Livrea Yacht: the first 3D printed boat sailing the Atlantic

Livrea Yacht is an ambitious project of two Italian boat builders, Francesco Belvisi and Daniele Cevola. Since 2014 they have been working on designing and building the first 3D printed yacht, the Mini 650, for Minitransat

3D printing comes to the use in the marine industry through OCore, an enterprising Italian society under the leadership of Daniel Cevola, Francesco Belvisi and Mariga Perlongo, three young men already engaged in the design of boats with each other their company Livrea Yacht, and thanks also to multinational agreements able to support the project, such as Lehvoss Group, Autodesk, Kuka Robotic which for some has been transformed into a project of technical sponsorships. Lehvoss also accepted the competition challenge by sponsoring sporting activity, as well as providing the print material with a formulation that fully meets the required structural requirements.

Livrea Yacht will be the first 3D printed sail boat to participate in the transoceanic Mini Transat 2019 competition

A project based on fractal structures

The Mini 650 is the first fully 3D sailboat designed by Livrea Yacht and built by OCore, a racing boat made of nylon and carbon. The boat is 6 meters and 50 centimeters long, almost 3 meters wide, created with the new 3D printing technology using a robot 2 meters and a half high that prints the whole hull without models or dies and follows the strategy dictated by a patented algorithm based on fractals. Exploring the fractal in 3D printing was the starting point of a study in the early activities developed in collaboration between OCore and Autodesk. Fractals are hierarchical structures that are very common in nature and have the great advantage of generating a complex and efficient structure with a simple and light algorithm. This is a great advantage, not only to generate files to print, but also to predict the structural and thermal properties of the object.

A slimmer and faster process

In addition to the hull, rudders and other components of the boat will also be printed. Until now, for the construction of the competition rudders, following the traditional process, it was necessary to build moulds on which composite leathers were stratified, after which the components were joined, the finishing operations were carried out. The realization of an adequate rudder to the Mini Transat generally requires a full week of machining in order to obtain the moulds and to complete the subsequent processing.

With the OCore system, however, the processing is much slimmer and faster, managing to generate a self-supporting structure in about two hours. In the specific case it is a piece of 1.3 meter long by 30 centimeter wide and 3 centimeter thick which has an internal structure suitable to support the cutting efforts to which the rudder is subject. The wall thickness is 1 millimeter and the 3D printed component weighs 1.5 chilogram. Once the moulded piece has been ready, they have been stratified under a one-way carbon vacuum for a total weight of about 1 chilogram, then proceed to a surface finish.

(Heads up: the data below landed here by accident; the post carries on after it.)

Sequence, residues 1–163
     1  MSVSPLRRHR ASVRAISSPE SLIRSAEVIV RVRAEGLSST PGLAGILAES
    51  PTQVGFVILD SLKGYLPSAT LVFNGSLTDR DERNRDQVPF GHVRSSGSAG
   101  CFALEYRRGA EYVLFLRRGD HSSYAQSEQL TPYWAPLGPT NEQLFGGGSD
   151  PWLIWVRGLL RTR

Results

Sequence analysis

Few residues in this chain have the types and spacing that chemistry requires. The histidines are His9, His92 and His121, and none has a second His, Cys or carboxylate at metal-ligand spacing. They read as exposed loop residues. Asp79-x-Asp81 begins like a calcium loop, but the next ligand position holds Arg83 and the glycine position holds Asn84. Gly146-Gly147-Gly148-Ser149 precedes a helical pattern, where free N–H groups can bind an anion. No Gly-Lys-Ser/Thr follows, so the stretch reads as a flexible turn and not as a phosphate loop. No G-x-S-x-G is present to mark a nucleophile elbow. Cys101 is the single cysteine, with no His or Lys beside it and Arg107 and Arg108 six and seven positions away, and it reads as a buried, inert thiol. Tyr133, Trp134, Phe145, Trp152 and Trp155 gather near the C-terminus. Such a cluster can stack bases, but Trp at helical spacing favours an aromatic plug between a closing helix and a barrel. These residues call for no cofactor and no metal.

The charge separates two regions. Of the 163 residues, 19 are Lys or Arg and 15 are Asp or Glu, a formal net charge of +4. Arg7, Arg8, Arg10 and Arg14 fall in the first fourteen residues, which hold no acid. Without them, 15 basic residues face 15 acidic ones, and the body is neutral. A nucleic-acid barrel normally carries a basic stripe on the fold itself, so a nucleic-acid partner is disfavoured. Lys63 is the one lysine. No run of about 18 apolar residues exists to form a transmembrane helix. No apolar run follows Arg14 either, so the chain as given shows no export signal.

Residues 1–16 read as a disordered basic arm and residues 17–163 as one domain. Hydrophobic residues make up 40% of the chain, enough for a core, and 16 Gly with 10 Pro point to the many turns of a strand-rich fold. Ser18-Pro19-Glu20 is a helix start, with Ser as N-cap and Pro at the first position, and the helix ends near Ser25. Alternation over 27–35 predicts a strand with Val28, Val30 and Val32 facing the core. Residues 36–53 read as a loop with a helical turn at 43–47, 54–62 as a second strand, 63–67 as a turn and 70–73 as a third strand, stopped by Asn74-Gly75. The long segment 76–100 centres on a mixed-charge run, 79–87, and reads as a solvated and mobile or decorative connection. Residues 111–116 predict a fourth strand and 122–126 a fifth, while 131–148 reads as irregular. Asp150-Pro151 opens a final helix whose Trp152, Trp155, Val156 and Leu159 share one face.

Many production and process optimization tests have been conducted and a bow block of the boat has been printed with a low weight and high stiffness and surface finish characteristics

The artifact consists of about 780 layers superimposed by a thickness of 0.6 millimeter with a polyamide based material loaded with 25% carbon. Lehvoss has created the formulation that satisfies the structural requirements of the rudder for the Mini 650 very well. The great advantage of this innovative procedure is the speed of production and automation of the process. Moreover, in the specific case of the Mini 650, it will be easier for the team to test and verify the different configurations at sea, greatly speeding up the boat’s set-up.

Direct from pellets

Lehvoss Group, with its parent company Lehmann&Voss&Co. in Hamburg (Germany), supported the process development and additionally engineered and delivered customized 3D printing materials dedicated to this technology and application. These materials, with the tradename Luvocom 3F, are based on thermoplastic polymers, such as high-performance polyamides and PEEK. To achieve the required mechanical properties, these polymers are reinforced with carbon fibers. Furthermore, the materials are modified to yield an improved layer strength, while printed parts show no warping. This leads to much stronger, more durable and precise yet at the same time lighter parts.

The processing is slimmer and faster, managing to generate a self-supporting structure in about two hours

Ready to start

In recent weeks, many production and process optimization tests have been conducted and a bow block of the boat has been printed with a low weight and high stiffness and surface finish characteristics. The process, completely automated, took three days a day to deposit 0.6 millimeter thick layers with 1 millimeter thick walls.
The next step will be the boat’s presentation, at the end of October. By the end of 2018 the launch of the Mini 650 will take place, to then take part in the bi-annual trans-oceanic regatta, the 4000-mile Mini Transat 2019 with two stages. The departure will take place from the port of La Rochelle (France) with destination Las Palmas de Gran Canarias; after a brief stop the small Mini will leave for the second stage, which consists of the real oceanic crossing, to head towards the coasts of Le Marin (Martinique). The duration of sailing in the race is 30 days, with the sole aid of a GPS of non-cartographic position and a VHF radio to receive daily the estimated position of the other racers by the organization.

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